This was King John’s castle and was possibly used as his hunting lodge. It was only one of three fortresses he had built in his seventeen year reign to add to the ninety he had in his possession.
The site was possibly chosen because it lay half way between Windsor and Winchester, the Royal Treasury. It was an octagonal towered stone keep, with two floors, the structure surrounded by its moat. The work took about seven years to complete at a cost of £1,000 or in today’s money, about eleven and half million pounds sterling. It is believed he rode from here in 1215 to meet with the barons at Runnymede to sign the Magna Carta, but John then turned on those barons and they in turn sought help from Louis, the French Dauphin.
During the 1st Barons’ War the castle’s royal garrison surrendered to the French after a two week long siege.
After the death of King John in 1216 the castle was back in English hands. The barons then paid allegiance to Jon’s son Henry III and persuaded Louis to go back home to France.
The castle seems to have flourished at this time when it was the home of the de Montfort family. Simon de Montfort married King John’s daughter Eleanor in 1238 just two years after she had been given the property by her brother, King Henry III. It has been said, Odiham might have become the most important fortress in England, had Simon not rebelled against the King and died at the Battle of Evesham in 1265. Eleanor his wife, was henceforth exiled for her part in the conspiracy.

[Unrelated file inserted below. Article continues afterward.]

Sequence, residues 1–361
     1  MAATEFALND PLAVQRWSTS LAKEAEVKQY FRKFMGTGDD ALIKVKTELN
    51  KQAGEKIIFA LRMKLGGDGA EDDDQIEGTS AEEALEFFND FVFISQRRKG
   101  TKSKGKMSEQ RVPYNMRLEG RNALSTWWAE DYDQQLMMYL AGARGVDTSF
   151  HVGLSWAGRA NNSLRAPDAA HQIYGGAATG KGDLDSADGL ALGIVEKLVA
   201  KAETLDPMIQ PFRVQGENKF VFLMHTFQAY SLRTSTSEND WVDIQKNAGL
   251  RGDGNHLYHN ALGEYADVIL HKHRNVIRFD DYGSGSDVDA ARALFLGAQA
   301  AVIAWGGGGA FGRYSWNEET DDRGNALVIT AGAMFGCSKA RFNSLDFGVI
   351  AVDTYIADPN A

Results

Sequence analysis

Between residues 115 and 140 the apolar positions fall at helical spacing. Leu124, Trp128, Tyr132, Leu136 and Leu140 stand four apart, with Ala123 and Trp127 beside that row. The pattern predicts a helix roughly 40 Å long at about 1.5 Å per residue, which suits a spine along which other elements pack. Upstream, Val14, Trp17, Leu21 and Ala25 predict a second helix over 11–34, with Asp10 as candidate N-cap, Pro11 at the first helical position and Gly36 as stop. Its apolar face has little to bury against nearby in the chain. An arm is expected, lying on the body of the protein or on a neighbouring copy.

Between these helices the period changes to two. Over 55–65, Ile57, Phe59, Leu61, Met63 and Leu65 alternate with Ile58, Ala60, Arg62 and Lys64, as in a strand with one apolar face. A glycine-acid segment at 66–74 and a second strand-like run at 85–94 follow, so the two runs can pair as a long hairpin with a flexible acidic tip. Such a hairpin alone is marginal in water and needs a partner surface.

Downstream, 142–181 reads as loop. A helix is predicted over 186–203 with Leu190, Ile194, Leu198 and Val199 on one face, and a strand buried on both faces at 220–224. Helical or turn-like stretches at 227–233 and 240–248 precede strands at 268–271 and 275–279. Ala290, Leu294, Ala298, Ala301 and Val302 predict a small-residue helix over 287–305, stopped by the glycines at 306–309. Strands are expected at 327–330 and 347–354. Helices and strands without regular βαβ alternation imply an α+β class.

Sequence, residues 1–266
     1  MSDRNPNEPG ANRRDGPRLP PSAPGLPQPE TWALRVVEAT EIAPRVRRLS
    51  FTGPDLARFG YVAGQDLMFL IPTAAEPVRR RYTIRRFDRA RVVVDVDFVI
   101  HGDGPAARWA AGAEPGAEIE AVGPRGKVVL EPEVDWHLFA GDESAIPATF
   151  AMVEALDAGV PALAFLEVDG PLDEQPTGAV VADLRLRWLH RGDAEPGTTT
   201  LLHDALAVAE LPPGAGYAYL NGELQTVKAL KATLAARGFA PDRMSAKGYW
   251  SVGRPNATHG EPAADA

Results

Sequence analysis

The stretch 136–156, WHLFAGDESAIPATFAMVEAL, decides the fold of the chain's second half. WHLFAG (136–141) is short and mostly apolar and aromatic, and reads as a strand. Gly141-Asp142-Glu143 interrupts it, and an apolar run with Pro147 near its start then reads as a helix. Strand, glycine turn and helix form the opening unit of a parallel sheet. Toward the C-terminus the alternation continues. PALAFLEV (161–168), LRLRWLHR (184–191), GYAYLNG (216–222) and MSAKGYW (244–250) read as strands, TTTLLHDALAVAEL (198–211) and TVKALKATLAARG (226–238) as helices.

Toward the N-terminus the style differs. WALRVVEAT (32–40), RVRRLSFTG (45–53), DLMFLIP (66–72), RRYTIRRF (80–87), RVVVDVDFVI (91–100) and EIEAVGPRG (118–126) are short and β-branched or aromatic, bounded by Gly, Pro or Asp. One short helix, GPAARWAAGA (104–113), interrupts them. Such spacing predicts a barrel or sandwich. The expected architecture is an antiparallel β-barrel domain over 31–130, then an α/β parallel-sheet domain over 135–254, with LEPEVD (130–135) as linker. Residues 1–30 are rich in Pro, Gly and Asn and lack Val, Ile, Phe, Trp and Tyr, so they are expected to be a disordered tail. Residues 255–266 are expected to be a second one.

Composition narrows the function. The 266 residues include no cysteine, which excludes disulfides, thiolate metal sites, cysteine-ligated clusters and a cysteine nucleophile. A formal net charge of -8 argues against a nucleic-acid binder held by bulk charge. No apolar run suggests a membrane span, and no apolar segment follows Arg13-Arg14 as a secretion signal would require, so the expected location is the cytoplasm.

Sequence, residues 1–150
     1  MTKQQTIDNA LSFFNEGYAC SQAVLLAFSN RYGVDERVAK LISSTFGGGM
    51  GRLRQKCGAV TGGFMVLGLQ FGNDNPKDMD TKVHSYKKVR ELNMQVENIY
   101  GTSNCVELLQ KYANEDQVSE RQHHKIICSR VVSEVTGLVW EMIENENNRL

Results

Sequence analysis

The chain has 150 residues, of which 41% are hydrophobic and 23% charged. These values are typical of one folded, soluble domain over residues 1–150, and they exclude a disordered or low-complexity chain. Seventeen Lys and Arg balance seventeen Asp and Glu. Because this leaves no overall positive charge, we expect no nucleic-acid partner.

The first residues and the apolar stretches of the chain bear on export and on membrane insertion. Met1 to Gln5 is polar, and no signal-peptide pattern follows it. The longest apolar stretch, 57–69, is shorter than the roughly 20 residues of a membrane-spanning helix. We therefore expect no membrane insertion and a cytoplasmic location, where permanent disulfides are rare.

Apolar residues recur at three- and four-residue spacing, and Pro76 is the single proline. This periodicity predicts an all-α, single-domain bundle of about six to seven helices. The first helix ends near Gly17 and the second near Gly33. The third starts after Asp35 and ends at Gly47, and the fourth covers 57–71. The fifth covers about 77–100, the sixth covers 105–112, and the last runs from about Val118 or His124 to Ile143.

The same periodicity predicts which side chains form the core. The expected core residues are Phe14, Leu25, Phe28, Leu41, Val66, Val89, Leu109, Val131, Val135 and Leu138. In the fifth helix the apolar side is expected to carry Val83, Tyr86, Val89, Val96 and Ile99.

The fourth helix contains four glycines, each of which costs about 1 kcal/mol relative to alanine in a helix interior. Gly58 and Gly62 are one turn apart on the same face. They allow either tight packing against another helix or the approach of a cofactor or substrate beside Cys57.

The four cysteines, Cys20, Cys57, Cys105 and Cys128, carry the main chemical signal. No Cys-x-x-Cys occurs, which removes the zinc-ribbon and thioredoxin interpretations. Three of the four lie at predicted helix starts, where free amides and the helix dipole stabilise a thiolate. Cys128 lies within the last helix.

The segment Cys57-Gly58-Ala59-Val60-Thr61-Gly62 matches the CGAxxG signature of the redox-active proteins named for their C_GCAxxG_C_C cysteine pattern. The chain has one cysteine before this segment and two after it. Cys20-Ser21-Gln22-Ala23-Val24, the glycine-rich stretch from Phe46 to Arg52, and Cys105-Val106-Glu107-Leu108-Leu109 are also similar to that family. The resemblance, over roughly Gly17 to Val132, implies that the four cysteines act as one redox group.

In the 14th century it hosted Parliament and in about 1346 the Scottish King, David II was
imprisoned here for 11 years.
In the 15th century it was used as a hunting lodge, and by 1605 the former royal fortress had descended into a ruinous state and was pillaged for its facing stones.
It is now the property of Hampshire County Council and is open to the public
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